Back in the 1970s, pundits were predicting that we’d be well into the sphere of the paperless office by the 21st century. Our offices are still stacked with papers and the print market – especially the production print market, appears to be buoyant.
Well, according to a survey from IDC, that’s far from the case. The worldwide production print market grew by 9.9 percent in the third quarter of this year.
Shipment value increased too by 5.9 percent, so the value was over $1.2 billion.
All categories in the production print market grew, with label and packaging up 15 percent and high speed inkjet shipments growing by 8.8 percent in the quarter, compared to the previous quarter. Canon, Ricoh and HP rule the roost in this sector.
The top five vendors in the quarter were Xerox, HP, Ricoh, Konica and Canon.
Amy Chado, research manager at IDC, said: “High speed inkjet experienced a tremendous rebound in the third quarter, with system shipments growing 110 percent from the previous quarter and nine percent annually.”
Further proof that the fabric of the universe has been fundamentally changed since CERN was switched on has appeared.
Microsoft is among the world’s most ethical companies, according to a list put together by the Ethisphere Institute in New York.
There are 110 companies in the Ethisphere list, including Microsoft and 35 other newcomers. Getting on the list is decided by whether or not companies have leading ethics and compliance programmes, particularly compared to their industry peers.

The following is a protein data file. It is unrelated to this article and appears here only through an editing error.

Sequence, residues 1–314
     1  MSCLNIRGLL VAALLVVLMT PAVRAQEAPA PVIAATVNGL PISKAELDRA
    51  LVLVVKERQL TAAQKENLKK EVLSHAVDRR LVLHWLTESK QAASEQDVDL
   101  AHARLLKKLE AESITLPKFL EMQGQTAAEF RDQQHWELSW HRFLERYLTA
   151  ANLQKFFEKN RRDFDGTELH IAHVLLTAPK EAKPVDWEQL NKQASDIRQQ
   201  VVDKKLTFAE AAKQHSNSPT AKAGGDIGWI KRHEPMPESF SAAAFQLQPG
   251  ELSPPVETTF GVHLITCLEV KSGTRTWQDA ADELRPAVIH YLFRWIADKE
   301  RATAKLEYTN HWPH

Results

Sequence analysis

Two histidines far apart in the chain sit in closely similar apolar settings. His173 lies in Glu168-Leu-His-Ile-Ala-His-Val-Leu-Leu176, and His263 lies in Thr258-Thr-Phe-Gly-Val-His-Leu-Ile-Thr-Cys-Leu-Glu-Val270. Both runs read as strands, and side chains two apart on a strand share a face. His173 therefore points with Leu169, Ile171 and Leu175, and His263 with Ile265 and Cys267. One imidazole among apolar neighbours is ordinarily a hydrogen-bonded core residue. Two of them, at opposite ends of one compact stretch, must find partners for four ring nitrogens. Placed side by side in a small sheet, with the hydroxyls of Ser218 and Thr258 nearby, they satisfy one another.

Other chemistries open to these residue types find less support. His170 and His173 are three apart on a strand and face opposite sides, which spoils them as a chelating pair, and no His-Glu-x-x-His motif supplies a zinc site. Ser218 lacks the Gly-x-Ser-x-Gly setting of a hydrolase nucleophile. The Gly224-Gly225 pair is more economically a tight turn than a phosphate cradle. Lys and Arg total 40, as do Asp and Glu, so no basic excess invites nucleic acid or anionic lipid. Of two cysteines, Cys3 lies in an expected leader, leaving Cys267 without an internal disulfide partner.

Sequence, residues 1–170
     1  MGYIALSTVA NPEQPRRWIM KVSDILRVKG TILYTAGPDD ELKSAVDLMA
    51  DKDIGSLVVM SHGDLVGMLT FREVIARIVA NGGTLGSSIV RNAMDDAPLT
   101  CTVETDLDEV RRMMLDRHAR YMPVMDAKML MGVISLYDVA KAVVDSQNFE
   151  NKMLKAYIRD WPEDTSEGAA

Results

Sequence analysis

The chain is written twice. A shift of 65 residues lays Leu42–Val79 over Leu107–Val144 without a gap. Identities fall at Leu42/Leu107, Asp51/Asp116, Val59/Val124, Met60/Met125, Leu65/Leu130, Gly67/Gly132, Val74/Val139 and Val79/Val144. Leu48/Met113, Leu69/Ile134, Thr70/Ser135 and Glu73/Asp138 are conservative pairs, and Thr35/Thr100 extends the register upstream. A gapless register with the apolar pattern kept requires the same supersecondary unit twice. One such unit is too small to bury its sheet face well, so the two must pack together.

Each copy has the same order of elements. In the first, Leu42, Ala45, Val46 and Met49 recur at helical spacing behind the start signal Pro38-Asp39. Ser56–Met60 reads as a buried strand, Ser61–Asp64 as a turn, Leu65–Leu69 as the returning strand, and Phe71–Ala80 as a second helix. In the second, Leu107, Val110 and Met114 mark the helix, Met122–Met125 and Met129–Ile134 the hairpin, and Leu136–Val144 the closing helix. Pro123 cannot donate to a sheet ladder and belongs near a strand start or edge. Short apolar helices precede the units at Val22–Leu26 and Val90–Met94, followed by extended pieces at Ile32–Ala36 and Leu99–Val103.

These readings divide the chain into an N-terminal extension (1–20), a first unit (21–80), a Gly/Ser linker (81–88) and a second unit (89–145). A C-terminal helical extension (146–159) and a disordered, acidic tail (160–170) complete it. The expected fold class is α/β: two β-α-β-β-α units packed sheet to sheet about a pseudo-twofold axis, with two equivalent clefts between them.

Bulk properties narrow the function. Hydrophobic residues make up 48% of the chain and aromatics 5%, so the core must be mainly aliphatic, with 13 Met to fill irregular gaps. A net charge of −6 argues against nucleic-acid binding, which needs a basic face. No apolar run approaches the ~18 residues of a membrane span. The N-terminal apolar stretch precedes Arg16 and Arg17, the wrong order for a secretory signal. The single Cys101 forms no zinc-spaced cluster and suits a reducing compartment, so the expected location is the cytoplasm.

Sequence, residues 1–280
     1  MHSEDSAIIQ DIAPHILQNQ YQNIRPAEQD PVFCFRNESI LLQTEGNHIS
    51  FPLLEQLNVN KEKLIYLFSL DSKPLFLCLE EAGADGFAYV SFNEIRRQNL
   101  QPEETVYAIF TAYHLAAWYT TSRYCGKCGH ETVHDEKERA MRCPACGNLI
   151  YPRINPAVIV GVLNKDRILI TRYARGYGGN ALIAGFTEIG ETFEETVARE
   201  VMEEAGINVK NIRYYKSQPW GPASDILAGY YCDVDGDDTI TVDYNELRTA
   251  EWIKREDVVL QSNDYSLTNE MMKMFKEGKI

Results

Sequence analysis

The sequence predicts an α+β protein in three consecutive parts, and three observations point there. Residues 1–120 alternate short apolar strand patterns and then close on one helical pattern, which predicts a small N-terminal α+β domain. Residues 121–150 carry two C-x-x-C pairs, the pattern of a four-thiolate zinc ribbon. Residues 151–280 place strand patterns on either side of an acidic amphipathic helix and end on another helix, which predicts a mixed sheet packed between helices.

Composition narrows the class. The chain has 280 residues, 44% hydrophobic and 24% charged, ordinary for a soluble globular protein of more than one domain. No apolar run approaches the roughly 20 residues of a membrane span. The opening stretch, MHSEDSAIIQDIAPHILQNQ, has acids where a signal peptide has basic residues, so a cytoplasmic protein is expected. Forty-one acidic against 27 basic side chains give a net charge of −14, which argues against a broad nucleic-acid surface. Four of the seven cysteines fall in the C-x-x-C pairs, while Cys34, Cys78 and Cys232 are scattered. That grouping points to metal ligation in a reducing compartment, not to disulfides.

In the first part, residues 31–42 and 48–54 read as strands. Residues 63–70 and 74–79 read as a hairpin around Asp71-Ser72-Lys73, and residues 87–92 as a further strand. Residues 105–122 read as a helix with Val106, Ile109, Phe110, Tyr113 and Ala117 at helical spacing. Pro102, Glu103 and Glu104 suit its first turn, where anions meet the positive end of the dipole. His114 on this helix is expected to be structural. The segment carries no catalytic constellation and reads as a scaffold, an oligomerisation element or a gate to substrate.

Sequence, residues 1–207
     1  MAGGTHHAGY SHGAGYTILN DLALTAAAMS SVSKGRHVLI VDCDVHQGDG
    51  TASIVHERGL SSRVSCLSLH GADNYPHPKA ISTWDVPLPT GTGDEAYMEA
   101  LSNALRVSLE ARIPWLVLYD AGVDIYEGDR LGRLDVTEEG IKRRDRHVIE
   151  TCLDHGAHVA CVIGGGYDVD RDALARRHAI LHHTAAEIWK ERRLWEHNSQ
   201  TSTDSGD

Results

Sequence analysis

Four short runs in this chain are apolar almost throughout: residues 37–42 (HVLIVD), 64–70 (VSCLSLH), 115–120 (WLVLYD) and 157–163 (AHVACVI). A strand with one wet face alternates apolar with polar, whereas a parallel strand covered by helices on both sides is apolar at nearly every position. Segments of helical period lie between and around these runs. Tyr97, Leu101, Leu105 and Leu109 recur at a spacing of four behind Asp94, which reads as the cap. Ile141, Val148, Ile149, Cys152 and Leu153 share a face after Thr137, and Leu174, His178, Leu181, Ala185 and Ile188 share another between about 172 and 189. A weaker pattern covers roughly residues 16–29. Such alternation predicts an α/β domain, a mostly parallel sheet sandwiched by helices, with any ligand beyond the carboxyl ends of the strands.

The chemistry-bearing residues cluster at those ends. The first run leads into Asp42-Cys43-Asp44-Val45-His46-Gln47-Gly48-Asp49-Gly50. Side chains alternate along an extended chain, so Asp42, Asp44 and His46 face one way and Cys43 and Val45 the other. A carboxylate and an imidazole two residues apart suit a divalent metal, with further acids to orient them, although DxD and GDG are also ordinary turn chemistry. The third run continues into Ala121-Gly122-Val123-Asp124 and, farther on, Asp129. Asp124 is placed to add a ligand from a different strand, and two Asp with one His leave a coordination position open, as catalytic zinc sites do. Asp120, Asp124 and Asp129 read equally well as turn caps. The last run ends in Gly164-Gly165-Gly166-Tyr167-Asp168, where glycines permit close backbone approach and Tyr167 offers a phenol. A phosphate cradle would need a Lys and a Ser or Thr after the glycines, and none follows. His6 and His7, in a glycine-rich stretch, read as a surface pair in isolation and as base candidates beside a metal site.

More than 26 companies dropped off from the 2010 list because of litigation and ethics violations, as well as increased competition from within their industry.
Ethisphere publish the list to prove that it pays to be ethical. Those that land on the do-good list have performed better than the S&P 500.
However Starbucks also is on this year’s list probably for providing TechEye with much needed wi-fi back up in times of crisis.
Other tech outfits which made the list were Adobe, Google, Cisco, Symantic, Terradata, Ricoh,T-Mobile, Vodafone and Xerox.
Missing from the list are Oracle, HP, Intel, IBM, and Apple. Oracle was there in 2009 and seems to have slipped off. Oddly HP was also there the year before, despite being involved with snooping on hacks and the time. Other exits from the 2009 list include Intel and Freescale. Apple never was on the list.
If we had asked Apple about ethics it would have told us about its plans to build an Apple store in Chelmsford, so we didn’t bother.